Query Driven-Graph Neural Networks for Community Search: from Non-Attributed, Attributed, to Interactive Attributed

Yuli Jiang, Yu Rong*, Hong Cheng*, Xin Huang, Kangfei Zhao, Junzhou Huang

*Corresponding author for this work

Research output: Contribution to journalConference articlepeer-review

10 Citations (Scopus)


Given one or more query vertices, Community Search (CS) aims to find densely intra-connected and loosely inter-connected structures containing query vertices. Attributed Community Search (ACS), a related problem, is more challenging since it finds communities with both cohesive structures and homogeneous vertex attributes. However, most methods for the CS task rely on inflexible pre-defined structures and studies for ACS treat each attribute independently. Moreover, the most popular ACS strategies decompose ACS into two separate sub-problems, i.e., the CS task and subsequent attribute filtering task. However, in real-world graphs, the community structure and the vertex attributes are closely correlated to each other. This correlation is vital for the ACS problem. In this vein, we argue that the separation strategy cannot fully capture the correlation between structure and attributes simultaneously and it would compromise the final performance.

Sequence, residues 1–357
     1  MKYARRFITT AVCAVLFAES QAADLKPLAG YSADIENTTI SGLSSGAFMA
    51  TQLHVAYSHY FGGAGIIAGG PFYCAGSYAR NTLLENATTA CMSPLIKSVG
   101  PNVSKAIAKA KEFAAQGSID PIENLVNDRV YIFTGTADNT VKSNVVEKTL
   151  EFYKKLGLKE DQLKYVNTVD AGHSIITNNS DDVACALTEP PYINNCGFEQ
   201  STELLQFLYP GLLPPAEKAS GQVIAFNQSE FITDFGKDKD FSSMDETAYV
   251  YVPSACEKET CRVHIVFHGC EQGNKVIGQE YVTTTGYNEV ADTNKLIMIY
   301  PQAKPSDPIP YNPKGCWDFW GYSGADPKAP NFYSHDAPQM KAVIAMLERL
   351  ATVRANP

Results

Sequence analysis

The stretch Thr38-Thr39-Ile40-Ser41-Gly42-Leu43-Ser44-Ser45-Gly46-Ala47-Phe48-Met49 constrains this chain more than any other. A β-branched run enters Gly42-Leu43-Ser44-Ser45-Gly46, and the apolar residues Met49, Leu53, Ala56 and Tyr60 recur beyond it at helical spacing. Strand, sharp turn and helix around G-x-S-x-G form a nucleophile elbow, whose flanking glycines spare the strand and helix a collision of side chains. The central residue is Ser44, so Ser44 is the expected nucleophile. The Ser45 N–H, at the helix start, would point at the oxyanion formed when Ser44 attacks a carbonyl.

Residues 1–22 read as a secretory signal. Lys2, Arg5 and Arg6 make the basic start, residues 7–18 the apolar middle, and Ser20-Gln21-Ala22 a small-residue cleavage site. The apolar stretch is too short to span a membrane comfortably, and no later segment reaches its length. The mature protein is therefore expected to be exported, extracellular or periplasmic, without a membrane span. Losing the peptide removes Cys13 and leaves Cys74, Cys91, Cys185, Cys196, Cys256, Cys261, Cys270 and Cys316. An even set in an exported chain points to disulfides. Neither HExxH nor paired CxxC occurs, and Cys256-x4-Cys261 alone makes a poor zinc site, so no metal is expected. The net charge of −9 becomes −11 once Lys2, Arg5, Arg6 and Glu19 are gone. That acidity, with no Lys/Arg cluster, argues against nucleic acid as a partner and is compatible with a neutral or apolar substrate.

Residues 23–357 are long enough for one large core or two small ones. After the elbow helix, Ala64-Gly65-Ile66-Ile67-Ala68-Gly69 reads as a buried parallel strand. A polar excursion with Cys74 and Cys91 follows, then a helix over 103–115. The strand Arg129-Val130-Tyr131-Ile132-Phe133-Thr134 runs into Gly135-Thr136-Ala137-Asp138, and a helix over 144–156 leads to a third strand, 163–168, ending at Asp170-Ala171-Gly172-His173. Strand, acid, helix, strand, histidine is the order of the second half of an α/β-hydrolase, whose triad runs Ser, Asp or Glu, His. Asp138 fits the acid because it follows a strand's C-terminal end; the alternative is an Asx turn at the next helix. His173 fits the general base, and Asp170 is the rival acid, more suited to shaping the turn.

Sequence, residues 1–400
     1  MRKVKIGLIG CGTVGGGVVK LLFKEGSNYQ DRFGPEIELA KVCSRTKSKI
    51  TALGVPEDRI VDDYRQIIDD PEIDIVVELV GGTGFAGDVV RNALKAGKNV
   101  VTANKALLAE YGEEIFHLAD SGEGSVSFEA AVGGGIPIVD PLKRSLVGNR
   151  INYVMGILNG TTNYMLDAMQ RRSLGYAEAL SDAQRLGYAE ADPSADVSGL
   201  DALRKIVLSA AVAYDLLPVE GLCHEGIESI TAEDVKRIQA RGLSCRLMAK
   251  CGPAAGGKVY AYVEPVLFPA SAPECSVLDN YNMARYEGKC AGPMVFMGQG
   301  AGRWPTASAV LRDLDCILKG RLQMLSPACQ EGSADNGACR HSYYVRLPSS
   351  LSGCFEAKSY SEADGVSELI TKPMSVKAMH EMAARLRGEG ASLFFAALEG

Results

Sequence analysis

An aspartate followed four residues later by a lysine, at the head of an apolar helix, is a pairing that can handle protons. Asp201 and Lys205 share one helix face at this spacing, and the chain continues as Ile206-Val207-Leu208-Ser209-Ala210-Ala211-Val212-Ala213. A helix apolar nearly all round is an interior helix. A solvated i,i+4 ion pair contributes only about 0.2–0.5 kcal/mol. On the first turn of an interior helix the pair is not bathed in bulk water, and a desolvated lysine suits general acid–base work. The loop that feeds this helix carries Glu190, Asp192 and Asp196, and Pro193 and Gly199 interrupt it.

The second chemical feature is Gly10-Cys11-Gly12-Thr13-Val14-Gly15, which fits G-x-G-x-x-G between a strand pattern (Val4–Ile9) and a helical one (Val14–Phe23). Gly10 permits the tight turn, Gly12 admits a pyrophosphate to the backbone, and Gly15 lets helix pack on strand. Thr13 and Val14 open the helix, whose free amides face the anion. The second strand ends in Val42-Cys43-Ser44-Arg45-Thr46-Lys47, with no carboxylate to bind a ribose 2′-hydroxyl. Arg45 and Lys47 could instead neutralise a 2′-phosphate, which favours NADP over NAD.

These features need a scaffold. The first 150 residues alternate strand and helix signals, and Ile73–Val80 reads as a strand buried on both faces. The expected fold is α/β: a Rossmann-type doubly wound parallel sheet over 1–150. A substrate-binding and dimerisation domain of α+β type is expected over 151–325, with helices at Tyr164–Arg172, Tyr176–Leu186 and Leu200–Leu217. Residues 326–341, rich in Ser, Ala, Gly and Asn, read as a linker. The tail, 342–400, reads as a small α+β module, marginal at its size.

In this paper, we propose Graph Neural Network (GNN) models for both CS and ACS problems, i.e., Query Driven-GNN (QD-GNN) and Attributed Query Driven-GNN (AQD-GNN). In QD-GNN, we combine the local query-dependent structure and global graph embedding. In order to extend QD-GNN to handle attributes, we model vertex attributes as a bipartite graph and capture the relation between attributes by constructing GNNs on this bipartite graph. With a Feature Fusion operator, AQD-GNN processes the structure and attribute simultaneously and predicts communities according to each attributed query. Experiments on real-world graphs with ground-truth communities demonstrate that the proposed models outperform existing CS and ACS algorithms in terms of both efficiency and effectiveness. More recently, an interactive setting for CS is proposed that allows users to adjust the predicted communities. We further verify our approaches under the interactive setting and extend to the attributed context. Our method achieves 2.37% and 6.29% improvements in F1-score than the state-of-the-art model without attributes and with attributes respectively.

Original languageEnglish
Pages (from-to)1243–1255
Number of pages13
JournalProceedings of the VLDB Endowment
Issue number6
Publication statusPublished - Feb 2022

Scopus Subject Areas

  • Mathematics(all)


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